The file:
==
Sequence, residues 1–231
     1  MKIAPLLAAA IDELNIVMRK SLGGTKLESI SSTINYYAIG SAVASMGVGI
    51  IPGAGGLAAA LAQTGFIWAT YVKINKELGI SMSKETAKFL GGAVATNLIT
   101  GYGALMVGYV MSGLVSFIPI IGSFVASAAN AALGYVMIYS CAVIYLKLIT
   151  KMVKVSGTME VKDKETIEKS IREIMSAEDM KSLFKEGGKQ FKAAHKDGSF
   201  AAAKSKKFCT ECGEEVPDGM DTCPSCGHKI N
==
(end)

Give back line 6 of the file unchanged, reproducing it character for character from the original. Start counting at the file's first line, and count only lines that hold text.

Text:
   201  AAAKSKKFCT ECGEEVPDGM DTCPSCGHKI N